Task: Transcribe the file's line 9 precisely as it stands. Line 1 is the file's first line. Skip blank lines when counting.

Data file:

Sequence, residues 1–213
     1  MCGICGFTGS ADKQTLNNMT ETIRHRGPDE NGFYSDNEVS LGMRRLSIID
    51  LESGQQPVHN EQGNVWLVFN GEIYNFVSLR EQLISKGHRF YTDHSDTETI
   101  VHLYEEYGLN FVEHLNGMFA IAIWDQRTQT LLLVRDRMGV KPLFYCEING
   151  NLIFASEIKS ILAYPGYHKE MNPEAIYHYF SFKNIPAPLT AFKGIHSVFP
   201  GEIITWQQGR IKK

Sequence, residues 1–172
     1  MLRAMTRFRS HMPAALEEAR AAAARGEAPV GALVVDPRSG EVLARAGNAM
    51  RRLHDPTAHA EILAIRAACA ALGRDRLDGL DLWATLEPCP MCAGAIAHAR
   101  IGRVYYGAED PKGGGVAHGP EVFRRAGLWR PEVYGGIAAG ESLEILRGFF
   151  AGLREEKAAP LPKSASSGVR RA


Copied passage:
    51  RRLHDPTAHA EILAIRAACA ALGRDRLDGL DLWATLEPCP MCAGAIAHAR